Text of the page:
The “Worst” Last Name: Meet the Hittlers


Meet the Hittler family: Justin, Carly, Paul, and Marie. This Bloomfield family has the last name “Hittler”, spelled with two t’s but pronounced with no difference than the name of the chancellor of Germany during WWII, Adolf Hitler.


According to the “Top Ten Worst Last Names,” the surname “Hitler” is ranked the worst last name anyone can have, topping the list of 265 other unfavorable last names. Among 151,671 different last names recorded by the U.S. Census Bureau, this family holds the last name similar to that of the former Nazi leader.


Junior Justin Hittler has an interesting experience when meeting people for the first time. “When first meeting people, they think I’m joking about my last name.”


His older sister Carly Hittler, BHHS alumnus and freshman at Grand Valley State University, has to explain the small spelling difference between ‘Hittler’ and ‘Hitler’ on a regular basis. “There is no way to audibly discern between the two, so often I say it’s spelled with two t’s when introducing myself. My last name is linked to the large German family I belong to on my dad’s side [of the family].”


Both Carly and Justin recall numerous memories of name-driven torture in both school and athletic environments, dating back to elementary school.


“But some of my very best friends are Jewish and they don’t hold my name against me,” said Carly. “History class was always a little strange, but it’s not like I condone the actions and orders of Hitler.” Carly says she always used to get strange looks when a teacher or substitute calls her name for attendance.


Similarly for Justin, “A lot of people associate me with certain anti-semitic things that may not be true, just because of my last name. Lots of Jewish and Holocaust jokes. Some teachers don’t even know my first name, they just call me ‘Hittler.’ Also, most people I meet for the first time say ‘Oh, wow your last name is…Hitler?’ or something along those lines.”


Justin added, “One time at a ski competition, I was at the top of the hill, waiting to take my turn when the announcer said ‘What’s your first and last name?’ When I said Justin Hittler, the whole crowd went silent.”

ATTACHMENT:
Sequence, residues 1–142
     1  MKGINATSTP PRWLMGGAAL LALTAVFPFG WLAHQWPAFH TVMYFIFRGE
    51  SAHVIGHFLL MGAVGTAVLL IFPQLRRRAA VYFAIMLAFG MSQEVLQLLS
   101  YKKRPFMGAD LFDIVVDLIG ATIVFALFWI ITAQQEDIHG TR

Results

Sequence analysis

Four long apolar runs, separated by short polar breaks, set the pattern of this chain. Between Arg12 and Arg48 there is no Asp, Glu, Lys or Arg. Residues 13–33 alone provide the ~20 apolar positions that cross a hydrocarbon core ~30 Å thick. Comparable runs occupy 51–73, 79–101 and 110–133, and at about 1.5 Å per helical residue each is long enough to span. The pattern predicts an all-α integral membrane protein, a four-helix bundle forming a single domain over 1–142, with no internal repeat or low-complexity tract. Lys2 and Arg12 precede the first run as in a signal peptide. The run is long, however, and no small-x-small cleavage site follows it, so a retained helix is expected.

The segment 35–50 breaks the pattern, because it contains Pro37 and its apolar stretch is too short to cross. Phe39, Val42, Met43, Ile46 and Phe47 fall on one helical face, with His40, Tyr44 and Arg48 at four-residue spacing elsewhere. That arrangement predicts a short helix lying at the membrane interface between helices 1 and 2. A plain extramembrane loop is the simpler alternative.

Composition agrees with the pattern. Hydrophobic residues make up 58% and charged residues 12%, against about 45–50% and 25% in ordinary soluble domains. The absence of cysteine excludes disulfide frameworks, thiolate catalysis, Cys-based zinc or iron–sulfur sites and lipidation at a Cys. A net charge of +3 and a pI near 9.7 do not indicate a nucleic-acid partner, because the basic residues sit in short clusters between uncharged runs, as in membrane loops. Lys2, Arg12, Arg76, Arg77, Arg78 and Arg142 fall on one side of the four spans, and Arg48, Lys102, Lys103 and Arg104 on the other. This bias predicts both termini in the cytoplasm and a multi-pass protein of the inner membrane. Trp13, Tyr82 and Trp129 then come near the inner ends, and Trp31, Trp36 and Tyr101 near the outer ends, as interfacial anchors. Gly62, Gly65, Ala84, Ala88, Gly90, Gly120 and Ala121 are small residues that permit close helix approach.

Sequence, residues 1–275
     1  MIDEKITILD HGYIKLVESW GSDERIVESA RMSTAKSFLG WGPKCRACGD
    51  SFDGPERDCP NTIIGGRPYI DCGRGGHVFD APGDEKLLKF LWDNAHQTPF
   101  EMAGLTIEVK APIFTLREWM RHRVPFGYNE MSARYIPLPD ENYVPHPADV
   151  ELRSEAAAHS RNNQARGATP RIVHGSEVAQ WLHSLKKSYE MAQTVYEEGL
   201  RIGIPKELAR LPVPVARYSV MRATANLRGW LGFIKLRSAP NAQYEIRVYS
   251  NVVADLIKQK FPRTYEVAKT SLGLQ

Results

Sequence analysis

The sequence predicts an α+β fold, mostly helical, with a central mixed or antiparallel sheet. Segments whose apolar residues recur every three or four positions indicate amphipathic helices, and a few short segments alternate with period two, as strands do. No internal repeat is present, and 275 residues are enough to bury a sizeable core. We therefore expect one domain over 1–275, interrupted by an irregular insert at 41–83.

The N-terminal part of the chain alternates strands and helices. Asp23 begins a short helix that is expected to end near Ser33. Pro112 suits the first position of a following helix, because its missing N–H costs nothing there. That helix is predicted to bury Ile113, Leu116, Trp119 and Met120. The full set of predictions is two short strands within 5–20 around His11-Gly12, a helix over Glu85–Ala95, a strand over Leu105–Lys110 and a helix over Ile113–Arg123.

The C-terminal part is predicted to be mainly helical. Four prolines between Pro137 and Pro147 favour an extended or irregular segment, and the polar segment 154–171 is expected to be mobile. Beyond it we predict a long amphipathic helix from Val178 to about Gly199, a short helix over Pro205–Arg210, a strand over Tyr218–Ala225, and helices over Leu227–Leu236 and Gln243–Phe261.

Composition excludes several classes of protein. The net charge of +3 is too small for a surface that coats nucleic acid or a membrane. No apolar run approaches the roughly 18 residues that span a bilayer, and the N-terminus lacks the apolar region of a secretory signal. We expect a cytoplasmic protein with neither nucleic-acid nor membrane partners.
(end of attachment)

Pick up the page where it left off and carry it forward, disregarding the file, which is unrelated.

Carly, a competitive equestrian, regularly experiences that out-of-place feeling from audiences.


“I vividly remember being at a local horse show where the announcer stumbled over my name and my coach retaliated, ‘It’s pronounced Hittler.’ At another show entirely the announcer didn’t even say my name,” she said.


In the classroom or in the places where they express their athletic abilities, the connection of their family name to the “most hated man in history” is something they simply can’t shake off.


Social media is a common place of misjudgement and stereotypes for the Hittler kids. “There are lots of stereotypes proposed when people see my username and come across my profile,” said Justin. “People who don’t know me but just know my name will jump to conclusions.”


“It took me a long time to let go of most of my anger about how poorly some people treated me, and even now I still get fired up thinking about it,” said Carly.


“As for the future,” Justin said, “I would change my last name for my kids so they won’t have to tolerate any bullying like my sister went through during her childhood. In this time and age of stereotypes, names can associate people with unnecessary things. If someone is less comfortable with who they are because of their name, it may be necessary to change it.”


Although the Hittler students have to endure the constant discomfort of their last name, they stated that they remain strong and have learned to combat any prejudice with humor. After all, what’s in a name anyway?